By Dave Flaherty/The Oshawa Express
With spring getting closer every day, it’s time for one of Durham Region’s most longstanding traditions.
Now, the 43rd annual Maple Syrup Festival at Purple Woods Conservation Area is well underway, and recently, local students got the first taste of this year’s maple syrup batch before the festival opened to the public.
Patricia Lowe, director of stewardship, education, and communications for the Central Lake Ontario Conservation Authority (CLOCA) says they are once again expecting 10,000 people to attend the festival this year.
Planning for the event began well before the new year started.
“There are three to four months of prepping for the festival,” Lowe says, noting that CLOCA received approximately 600 resumes for 20 positions required for the event.
In all, 75 volunteers will assist in seeing that the festival runs smoothly over the next month.
Purple Woods has a long history of maple syrup production.
“It’s pretty unique, the forest would be about 150 years old,” Lowe explains. “When the Oak Ridges Moraine was settled, they cleared a lot of it, but they always kept some forests for firewood and maple syrup.”
“So this is one of those remnant forests, and there’s not a lot of them this size,” she adds.
CLOCA currently has approximately 1,300 trees tapped in Purple Woods, producing 1,000 litres of maple syrup every year.
This year’s season began the first weekend of March.
“We’ve had a good start this week. We’ve produced about 160 litres so far,” Lowe said on March 8 while at the conservation area preparing for the busy weekend.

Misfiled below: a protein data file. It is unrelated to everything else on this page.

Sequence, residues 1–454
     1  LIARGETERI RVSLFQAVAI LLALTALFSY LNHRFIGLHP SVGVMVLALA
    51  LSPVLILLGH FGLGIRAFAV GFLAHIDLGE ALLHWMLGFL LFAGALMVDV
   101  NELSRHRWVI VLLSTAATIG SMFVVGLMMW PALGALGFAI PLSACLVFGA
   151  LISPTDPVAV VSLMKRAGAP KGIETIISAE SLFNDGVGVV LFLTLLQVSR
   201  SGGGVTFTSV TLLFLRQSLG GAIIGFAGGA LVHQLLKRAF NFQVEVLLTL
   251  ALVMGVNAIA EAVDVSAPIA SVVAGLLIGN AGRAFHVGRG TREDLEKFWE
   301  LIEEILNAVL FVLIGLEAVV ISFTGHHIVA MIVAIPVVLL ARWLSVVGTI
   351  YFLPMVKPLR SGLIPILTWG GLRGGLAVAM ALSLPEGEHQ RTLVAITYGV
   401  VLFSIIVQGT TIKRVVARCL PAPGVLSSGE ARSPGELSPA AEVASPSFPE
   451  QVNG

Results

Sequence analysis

The festival aims to showcase 400 years of maple syrup history in Ontario through interactive displays and tours.
Lowe says according to legend, the wife of an Iroquois man named Chief Woksis discovered maple syrup.
Woksis had been throwing his tomahawk at a nearby tree. After he removed it and went off on a hunt, his wife gathered a bucket filled with what she thought was water from the tree.
She used the liquid in the bucket in preparation for that evening’s dinner and when her family noticed a distinct taste to the food, maple syrup was discovered.
The festival features activities such as games and crafts, and horse-drawn wagon rides.
There will plenty of treats to satisfy any sweet tooth including pancakes covered in 100 per cent maple syrup and maple taffy. Lowe says it truly is a family-friendly event.
“It’s almost like coming to a traditional family farm,” she notes.
With the festival now in its fourth decade, it has become a multi-generational attraction, with those who attended as children years ago now bringing their children or even grandchildren.
General admission tickets for the Maple Syrup Festival are available online at cloca.com or at the administration office, at 100 Whiting Avenue in Oshawa for $5.
A limited number of tickets will also be available at Purple Woods Conservation Area, located at 38 Coates Road, north of Oshawa, for $6 [by debit or credit card only].
Lowe advises that visitors buy their tickets in advance to avoid disappointment.
The festival runs March 14 to 18, March 24 and 25, and April 7 and 8.
For more information, visit cloca.com.